August 14, 2014


2015 Calendars: 365-Day—Signspotting; Church Signs; Dog Shaming; Ultimate Optical Illusions. Andrews McMeel. $14.99 each.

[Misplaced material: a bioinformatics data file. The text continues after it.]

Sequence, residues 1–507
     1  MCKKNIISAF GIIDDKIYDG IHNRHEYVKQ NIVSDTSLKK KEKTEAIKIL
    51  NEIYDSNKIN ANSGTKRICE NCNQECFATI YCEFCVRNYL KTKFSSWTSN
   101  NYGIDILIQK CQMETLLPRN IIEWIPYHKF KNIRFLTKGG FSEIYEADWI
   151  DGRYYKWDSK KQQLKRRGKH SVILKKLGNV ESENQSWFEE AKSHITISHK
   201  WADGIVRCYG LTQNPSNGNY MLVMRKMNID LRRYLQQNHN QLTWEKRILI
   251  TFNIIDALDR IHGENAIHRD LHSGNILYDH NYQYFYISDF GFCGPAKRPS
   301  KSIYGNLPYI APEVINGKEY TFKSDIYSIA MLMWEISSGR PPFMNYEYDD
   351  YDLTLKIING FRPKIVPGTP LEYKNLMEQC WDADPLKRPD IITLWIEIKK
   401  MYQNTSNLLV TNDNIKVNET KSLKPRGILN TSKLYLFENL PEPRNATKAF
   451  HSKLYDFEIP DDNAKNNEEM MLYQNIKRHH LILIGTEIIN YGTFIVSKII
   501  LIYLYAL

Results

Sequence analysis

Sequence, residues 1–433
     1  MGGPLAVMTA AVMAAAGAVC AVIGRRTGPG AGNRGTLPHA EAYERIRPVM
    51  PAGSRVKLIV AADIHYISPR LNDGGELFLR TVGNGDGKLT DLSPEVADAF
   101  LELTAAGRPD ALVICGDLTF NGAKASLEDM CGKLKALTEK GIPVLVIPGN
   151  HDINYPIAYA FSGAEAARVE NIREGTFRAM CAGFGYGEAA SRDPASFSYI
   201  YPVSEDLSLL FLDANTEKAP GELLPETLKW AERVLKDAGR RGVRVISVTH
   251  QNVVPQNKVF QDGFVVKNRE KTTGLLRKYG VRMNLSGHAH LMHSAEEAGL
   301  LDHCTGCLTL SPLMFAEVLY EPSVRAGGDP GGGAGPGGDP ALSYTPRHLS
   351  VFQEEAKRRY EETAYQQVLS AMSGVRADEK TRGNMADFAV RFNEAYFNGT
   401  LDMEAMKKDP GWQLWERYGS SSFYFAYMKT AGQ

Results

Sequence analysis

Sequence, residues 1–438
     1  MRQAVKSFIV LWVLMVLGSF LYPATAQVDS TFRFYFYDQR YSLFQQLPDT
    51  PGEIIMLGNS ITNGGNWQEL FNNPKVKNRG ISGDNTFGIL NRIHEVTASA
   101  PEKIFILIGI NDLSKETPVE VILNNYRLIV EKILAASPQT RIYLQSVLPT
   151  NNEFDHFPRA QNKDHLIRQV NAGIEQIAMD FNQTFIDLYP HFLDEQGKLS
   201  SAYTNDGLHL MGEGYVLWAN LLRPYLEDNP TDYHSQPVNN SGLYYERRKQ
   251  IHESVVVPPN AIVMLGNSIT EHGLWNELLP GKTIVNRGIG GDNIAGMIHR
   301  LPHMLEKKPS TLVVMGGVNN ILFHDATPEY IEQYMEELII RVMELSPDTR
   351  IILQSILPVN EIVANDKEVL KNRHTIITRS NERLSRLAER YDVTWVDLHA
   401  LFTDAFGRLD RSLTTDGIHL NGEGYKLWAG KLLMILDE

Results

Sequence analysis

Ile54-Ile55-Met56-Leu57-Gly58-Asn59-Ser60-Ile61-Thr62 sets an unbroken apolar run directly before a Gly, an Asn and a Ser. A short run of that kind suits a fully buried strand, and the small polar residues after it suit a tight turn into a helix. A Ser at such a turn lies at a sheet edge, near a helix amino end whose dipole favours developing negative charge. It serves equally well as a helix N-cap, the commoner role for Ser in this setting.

Not everyone wants a page-a-day calendar that focuses on visuals. Some people find the many picture-focused calendars too distracting, or cutesy, or just not particularly interesting. And for such people, Andrews McMeel has a wide variety of 2015 calendars that, while attractive to look at, are far more about words than they are about cartoons or pretty photos of this or that. Doug Lansky’s Signspotting, for example, is subtitled, “Absurd & Amazing Signs from around the World,” and although every page of it is in fact a photo, it is not the pictorial element that will keep you amused all year. Instead, it will be the words, such as the ones on a real-estate sign in Nevada: “Beach Front Views (just kidding).” Or the sign in India that says, “Please do not Annoy, Torment, Pester, Molest, Worry, Badger, Harry, Harass, Hackle, Persecute, Irk, Rag, Vex, Bother, Tease, Nettle, Tantalise or Ruffle the Animal.” Or the more-modest one in China: “Please don’t hurt the animals while teasing them.” Or the sign by a temporarily closed escalator: “Caution: Escalator Acting as Stairs.” Or the warning sign (if it is a warning sign) in New Zealand: “Wong Way.” Or the one at a beach in Australia: “Warning: Water.” Or the “No Outlet” sign conveniently placed adjacent to a cemetery. Some of the signs are amusing examples of mistranslation and misunderstanding, while others are simply amusing for anyone trying to figure out just what the people who put them up were trying to communicate. For instance: “Point of Hysterical Interest.” Or the sign pair in which one points to “Bluegrass Riding Tour” off to the left while the other forbids a left turn. These are not just signs of the times but signs of the places – and worth a chuckle or two throughout the coming year.